Bitcoin Core developer argues block size already ‘too large’ now

TAGs: Bitcoin, Bitcoin Core, greg maxwell, Luke Dashjr

An increase in block size is not needed.

That’s the stance that Bitcoin Core—via its developer, Luke Dashjr—has taken on the growing dispute over a possible increase on the block chain size limit.

Bitcoin Core developer argues block size already ‘too large’ nowIf you’re just joining us, the past several weeks saw a war being waged over the future of the popular digital currency. On one side we have the Bitcoin Unlimited, which is pressing for a hard fork of the blockchain to increase the current 1Mb block size for a more robust bitcoin environment. And on the other side, we have Bitcoin Core, which insists that the blockchain’s original design must remain in its current form.

Blockstream co-founder Greg Maxwell is among those who insists on maintaining the original block limit, and even demonstrated a willingness to attack anyone who dares suggest otherwise. Now, we have Dashjr adding his two cents.

The man, who is also known in the bitcoin world as Luke-Jr., recently took to Reddit to discuss his vision for the bitcoin environment. In his post, Dashjr insisted that a block size increase is not needed now—or in the near future.

The Bitcoin Core developer believes the 1MB limit is already far too large for today’s blockchain use, given that all legitimate uses of the blockchain currently “amount to approximately 750k/block average.”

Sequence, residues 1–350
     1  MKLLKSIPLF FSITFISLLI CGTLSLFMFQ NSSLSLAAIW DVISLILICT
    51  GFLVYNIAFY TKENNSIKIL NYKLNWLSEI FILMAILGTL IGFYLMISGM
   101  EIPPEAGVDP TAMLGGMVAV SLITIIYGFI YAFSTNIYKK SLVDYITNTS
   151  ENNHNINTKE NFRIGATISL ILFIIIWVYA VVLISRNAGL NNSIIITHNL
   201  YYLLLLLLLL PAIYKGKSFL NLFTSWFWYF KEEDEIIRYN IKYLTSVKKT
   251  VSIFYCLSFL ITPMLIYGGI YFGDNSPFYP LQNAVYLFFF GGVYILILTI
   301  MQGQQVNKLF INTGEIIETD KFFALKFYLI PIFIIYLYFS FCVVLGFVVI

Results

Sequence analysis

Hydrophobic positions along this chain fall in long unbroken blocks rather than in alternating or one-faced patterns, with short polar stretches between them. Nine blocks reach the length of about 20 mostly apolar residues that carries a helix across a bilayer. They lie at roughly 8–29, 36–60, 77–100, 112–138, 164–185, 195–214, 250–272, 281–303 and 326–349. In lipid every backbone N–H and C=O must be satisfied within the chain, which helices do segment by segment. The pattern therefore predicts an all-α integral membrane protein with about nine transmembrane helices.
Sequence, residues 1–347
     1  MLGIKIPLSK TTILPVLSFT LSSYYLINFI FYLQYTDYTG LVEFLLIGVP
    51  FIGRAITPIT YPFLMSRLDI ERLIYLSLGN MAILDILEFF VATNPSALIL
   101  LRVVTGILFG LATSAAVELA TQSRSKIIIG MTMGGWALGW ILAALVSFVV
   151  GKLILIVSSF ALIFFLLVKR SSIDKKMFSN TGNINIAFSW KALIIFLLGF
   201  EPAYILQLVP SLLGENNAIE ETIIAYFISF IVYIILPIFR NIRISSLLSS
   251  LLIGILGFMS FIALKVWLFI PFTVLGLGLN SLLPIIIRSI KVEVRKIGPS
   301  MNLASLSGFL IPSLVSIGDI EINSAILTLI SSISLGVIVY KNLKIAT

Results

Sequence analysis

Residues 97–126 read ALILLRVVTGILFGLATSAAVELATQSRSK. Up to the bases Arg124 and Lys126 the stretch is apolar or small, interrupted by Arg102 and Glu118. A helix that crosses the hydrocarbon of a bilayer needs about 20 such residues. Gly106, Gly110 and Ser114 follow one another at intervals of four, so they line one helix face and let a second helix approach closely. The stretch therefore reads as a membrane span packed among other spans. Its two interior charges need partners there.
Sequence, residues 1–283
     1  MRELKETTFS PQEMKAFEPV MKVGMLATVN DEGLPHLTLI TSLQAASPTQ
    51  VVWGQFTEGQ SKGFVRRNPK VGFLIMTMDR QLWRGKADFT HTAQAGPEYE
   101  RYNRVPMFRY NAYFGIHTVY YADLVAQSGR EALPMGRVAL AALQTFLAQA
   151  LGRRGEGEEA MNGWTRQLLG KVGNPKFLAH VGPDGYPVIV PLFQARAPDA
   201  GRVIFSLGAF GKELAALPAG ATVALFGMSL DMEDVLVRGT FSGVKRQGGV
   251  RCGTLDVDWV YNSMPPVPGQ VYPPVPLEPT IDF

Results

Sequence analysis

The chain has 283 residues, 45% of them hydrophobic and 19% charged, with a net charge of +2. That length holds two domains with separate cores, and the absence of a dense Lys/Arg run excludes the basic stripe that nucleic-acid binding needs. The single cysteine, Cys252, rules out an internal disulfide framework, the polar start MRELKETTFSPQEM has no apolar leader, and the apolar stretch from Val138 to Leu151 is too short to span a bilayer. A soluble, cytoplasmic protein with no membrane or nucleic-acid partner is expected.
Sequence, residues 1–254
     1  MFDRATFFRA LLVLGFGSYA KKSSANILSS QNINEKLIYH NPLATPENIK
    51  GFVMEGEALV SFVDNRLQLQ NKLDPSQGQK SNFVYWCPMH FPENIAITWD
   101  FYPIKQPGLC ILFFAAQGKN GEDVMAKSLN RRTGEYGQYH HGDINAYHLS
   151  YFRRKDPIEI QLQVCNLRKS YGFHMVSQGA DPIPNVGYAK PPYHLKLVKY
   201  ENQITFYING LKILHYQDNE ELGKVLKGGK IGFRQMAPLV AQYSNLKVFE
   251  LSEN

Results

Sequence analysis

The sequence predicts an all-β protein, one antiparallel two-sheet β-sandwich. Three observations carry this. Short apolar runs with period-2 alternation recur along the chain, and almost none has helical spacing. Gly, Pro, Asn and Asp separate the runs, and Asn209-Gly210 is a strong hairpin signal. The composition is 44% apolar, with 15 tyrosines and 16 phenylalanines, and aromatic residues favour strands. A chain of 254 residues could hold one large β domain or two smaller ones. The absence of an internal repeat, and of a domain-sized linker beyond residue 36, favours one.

“Before we reach the point that 1MB is insufficient, we are likely to have the Lightning protocol working in production. This improves efficiency of blockchain usage by magnitudes, possibly reducing 1MB block usage to ~10k,” Dashjr wrote, adding that today’s full node percentage is “at an all-time low, far under a safe percentage of 85 percent.”

He claimed the reason why people don’t run a node is often tied to the block size. This was denied by many of the Reddit users, with one saying that he and everyone he knows “don’t run nodes because it’s a hassle in general,” while another said it’s “because there is no incentive for them to run one” and “has nothing to do with block size.”

Dashjr, who was quick to point out that he speaks “only for myself,” conceded that a block size increase will be necessary eventually, although “further increases are beyond the control of developers and miners, and require consent from the entire community.”

“At the end of the day, the decision for hardforks is made by the community as a whole, and no niche group (whether that be developers, miners, or anyone else) can force it on the network. Most of the community has rejected bigblocker hardfork proposals, and even a recent minimal increase proposal by myself (set 7 years into the future) saw significant opposition. Polls show that at this time, no block size hardfork is acceptable. Hopefully this will change in the future, at least when we begin to need it,” he wrote.

Nice save. But if Dashjr continues to insist his block-size-caused-full-node-percentage-to-drop argument, maybe he could learn a thing or two from bitcoin entrepreneur Olivier Janssens, who recently pointed out that increasing SVP “lightweight” clients’ fraud proofs will yield “nearly all the benefits of running a full node, without the disadvantages.” And more importantly, this will make all bitcoin users protect the digital currency’s rules.

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The price of bitcoin rose to $1,120 level during early Monday morning’s trading.


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